UX professionals should question when a client comes to them asking to design for generation Z, or any generation for that matter.
Creating generational categories around dates of birth is the wrong way to segment people when trying to design various strategies for a target market. Instead, businesses should be considering how people look at themselves and society and how environmental and geographical factors affect individuals.
Another problem with trying to use generations when coming up with designs, marketing plans or experience strategies, is the lack of consensus on what age range millennials are covered under.
Various media and research stretch the millennial generational age from 1977 all the way to 2000. Most millennials reject the generational definition, with only 40% of “millennials” accepting the label.
One look at how generations X, Y, Z are defined:
Born 1960-79 = Generation X
Characterised as being saddled with permanent cynicism. Too young to have fought in any major war, old enough to have enjoyed a free education – they have spent too much of their adulthood sitting around in coffee shops trying to set the world to rights. And failing...
Millennials = 1980+ Split into two groups:
Born 1980-1994 = Generation Y
Born between the advent of the Walkman and the founding of Google, they are unsurprisingly shaped by technology. Some have made fortunes from it (Zuckerberg). As well as being comfortable sharing their entire life online, this is the selfish, self-regarding generation. "Let me take a Selfie," is their catchphrase.
1994+ = Generation Z (a.k.a. Post-Millennials, Gen Wii, iGeneration)
Too young to remember 9/11, they have grown up in a world in political and financial turmoil. As a result, they are keen to look after their money, and make the world a better place. Sometimes described as the "first tribe of true digital natives" or "screenagers". But unlike the older Gen Y, they are smarter, safer, more mature and want to change the world.
The reason for caution
UX professionals tend to be slightly suspicious of the stereotyping of people. Grouping people into generations isn’t actually very useful because they are too general. As seen above there are sweeping allegations about the personalities of people based simply on their date of birth. We should instead focus on people who are interested in the product, rather than a wider audience by age range.
Personas are more useful to designers, rather than focusing on a specific market segmentation based on generations. Political, economic, technological, environmental and geographic factors affect how people view themselves and society around them and these considerations should be driving decisions around a target market when trying to sell a product or service.
When businesses focus on selling to generation Z they are focusing on an age range, rather than focusing on the sorts of people who would actually be interested in their product or service.
If instead, for example, an automotive brand focused on people who were interested in buying into security, longevity and value for money – then the design for that product experience should reflect the attributes those clients display, such as being naturally reflective, considered, and conventional. It is more important to work with persona/pen portraits that would exemplify these traits if they were the target market for a product or service.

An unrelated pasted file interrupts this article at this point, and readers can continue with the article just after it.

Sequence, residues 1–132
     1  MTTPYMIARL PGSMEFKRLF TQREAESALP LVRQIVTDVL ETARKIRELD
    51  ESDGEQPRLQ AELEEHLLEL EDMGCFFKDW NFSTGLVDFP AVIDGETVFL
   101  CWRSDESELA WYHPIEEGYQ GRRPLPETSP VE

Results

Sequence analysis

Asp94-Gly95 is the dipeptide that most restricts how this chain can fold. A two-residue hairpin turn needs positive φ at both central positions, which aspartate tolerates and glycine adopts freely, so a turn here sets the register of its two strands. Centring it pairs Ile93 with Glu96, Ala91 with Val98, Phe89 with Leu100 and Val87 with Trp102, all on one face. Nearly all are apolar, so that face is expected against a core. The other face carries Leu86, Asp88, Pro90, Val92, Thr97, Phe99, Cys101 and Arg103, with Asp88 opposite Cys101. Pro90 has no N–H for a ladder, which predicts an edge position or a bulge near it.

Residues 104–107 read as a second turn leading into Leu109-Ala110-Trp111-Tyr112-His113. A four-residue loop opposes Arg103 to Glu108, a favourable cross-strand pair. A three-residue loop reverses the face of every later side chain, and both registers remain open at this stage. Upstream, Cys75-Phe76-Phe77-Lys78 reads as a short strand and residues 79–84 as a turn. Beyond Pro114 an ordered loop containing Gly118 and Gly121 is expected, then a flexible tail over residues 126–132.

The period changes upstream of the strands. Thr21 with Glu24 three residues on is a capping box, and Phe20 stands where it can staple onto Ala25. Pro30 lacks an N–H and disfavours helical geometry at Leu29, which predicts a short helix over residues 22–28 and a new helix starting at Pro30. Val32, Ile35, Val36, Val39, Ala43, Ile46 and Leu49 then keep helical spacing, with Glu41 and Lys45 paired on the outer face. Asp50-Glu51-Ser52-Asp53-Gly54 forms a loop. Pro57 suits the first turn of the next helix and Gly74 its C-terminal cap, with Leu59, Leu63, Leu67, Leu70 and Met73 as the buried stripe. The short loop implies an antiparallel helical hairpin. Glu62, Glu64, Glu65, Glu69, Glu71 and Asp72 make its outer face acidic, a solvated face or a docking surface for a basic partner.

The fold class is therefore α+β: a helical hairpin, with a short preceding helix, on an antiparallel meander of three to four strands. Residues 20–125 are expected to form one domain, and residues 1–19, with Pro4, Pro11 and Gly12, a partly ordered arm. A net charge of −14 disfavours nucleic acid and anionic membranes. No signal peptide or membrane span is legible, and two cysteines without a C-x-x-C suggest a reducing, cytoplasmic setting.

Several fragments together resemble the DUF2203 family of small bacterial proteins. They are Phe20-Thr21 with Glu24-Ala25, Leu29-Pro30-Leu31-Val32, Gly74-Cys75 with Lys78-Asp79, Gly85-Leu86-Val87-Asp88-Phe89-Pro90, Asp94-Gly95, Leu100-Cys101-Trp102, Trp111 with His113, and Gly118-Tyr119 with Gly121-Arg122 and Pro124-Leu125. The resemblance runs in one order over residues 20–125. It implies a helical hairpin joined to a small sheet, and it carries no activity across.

Rather than looking at millennials as a whole, they can, and should be, broken down. Yes, some of them are following the classic Generation Y traits, but equally some of them are showing attributes more in tune with post-war baby boomers. Some interesting traits from recent research show Gen Z-ers to be sensible and realistic, and if brands understood this mentality they could design better products and more impactful campaigns.
Ultimately, are all 18-24 year-olds the same? No, they’re not.
Consider using Mosaic profiles (or your regions’ equivalent) that segment the population by the neighbourhoods in which they reside, specifically demographics around household structure, life stage and culture, property and tenure information, economic indicators, census data, term time addresses for students, as well as physical, human, and geographical insights.
An example of different segments within millennials:
“Side Street Singles”, Young singles in cramped rented town flats, with little disposable income, are very different from “Study Buddies”, students living in halls of residence and vibrant but unloved private student housing. “Crash Pad Professionals” are young, well paid, mostly single professionals, who have chosen flats suitable for commuting to urban jobs.
Each of these segments will have different desires, expectations, opinions, attitudes and perceptions. They will all have a unique view of the world around them – the things they see, say, do, hear, think and feel. They will have different fears, frustrations and obstacles they want to overcome, and certain needs, measures of success and aspirations for a product in mind.
Personas are not deliverables, but tools. Tools that consolidate archetypal descriptions of user behaviour patterns into representative profiles, to humanise design focus, test scenarios and aid design communication.
Use your micro-segmentation, use your empathy maps, you cannot design one thing for all people. So, when you’re designing, design with personas, not generations.